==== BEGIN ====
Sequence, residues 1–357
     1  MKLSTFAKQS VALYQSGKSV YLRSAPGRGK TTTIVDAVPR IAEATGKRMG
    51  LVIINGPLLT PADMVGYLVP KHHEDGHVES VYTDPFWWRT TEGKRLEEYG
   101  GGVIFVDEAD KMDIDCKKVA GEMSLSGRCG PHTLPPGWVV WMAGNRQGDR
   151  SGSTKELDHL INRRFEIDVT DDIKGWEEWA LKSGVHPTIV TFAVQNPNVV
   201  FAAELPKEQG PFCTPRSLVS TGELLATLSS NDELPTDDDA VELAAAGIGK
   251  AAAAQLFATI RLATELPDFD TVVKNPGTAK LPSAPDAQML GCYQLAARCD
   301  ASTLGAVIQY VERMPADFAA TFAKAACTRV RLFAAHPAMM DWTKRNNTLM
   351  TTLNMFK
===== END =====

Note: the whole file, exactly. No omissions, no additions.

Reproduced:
Sequence, residues 1–357
     1  MKLSTFAKQS VALYQSGKSV YLRSAPGRGK TTTIVDAVPR IAEATGKRMG
    51  LVIINGPLLT PADMVGYLVP KHHEDGHVES VYTDPFWWRT TEGKRLEEYG
   101  GGVIFVDEAD KMDIDCKKVA GEMSLSGRCG PHTLPPGWVV WMAGNRQGDR
   151  SGSTKELDHL INRRFEIDVT DDIKGWEEWA LKSGVHPTIV TFAVQNPNVV
   201  FAAELPKEQG PFCTPRSLVS TGELLATLSS NDELPTDDDA VELAAAGIGK
   251  AAAAQLFATI RLATELPDFD TVVKNPGTAK LPSAPDAQML GCYQLAARCD
   301  ASTLGAVIQY VERMPADFAA TFAKAACTRV RLFAAHPAMM DWTKRNNTLM
   351  TTLNMFK